Porcelain Fused to metal has more strength than porcelain crowns as such. All porcelain crowns need repetitive changes and maintenance whereas porcelain fused to metal is much more sturdy and has a good strength and can handle better bite force. It is recommended for posterior crowns as they are visibly just like natural teeth but with just a metal lining in the bottom.

Better Aesthetic

Porcelain crowns are very aesthetically pleasing. They have a metal base in the bottom which is a better option if they are posterior crowns. All porcelain crowns are better pleasing for anterior crowns whereas for posterior crowns Porcelain Fused to Metal crowns are a better option


Porcelain Fused to metal crowns are more durable as they have stronger force and can handle down better bite force. They have a long lifespan, much longer than zirconia, all porcelain and other such materials and hardly need any maintenance.

Cast Gold Alloy

Cast Gold Alloy is probably the most retro form of dental crown but they are extremely sturdy and strong. They are an excellent choice for a posterior crown as they are hardly visible during regular activities such as talking and smiling. They also have a better bite down force and therefore can have immense durability and last for over 20 years with minimum maintenance.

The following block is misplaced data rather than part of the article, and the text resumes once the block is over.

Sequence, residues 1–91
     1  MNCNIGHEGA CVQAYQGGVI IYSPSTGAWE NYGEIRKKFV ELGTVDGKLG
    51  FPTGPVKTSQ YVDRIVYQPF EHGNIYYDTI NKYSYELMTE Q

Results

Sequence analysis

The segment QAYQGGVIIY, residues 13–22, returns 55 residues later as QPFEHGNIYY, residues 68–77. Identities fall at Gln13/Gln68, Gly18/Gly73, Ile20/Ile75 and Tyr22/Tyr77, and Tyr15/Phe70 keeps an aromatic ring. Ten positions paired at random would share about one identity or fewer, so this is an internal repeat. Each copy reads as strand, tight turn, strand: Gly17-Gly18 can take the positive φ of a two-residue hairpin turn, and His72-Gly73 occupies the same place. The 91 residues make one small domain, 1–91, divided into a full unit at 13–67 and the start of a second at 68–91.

The disadvantages of having a metal alloy such as gold is only aesthetic and cost wise. They are a bit expensive and can be quite an investment but will last you for a long time and need little to no maintenance. They are also aesthetically not very pleasing as they clearly look like a dental crown and can be visible upon examination. But for a posterior crown, they are perfect as they wont be immediately visible during regular activities

The advantages of Cast Alloy Crown are mentioned below:

  • They are extremely strong and sturdy
  • Can handle good bite force for posterior chewing
  • Have very less maintenance issues
  • Can last for as long as 20 years.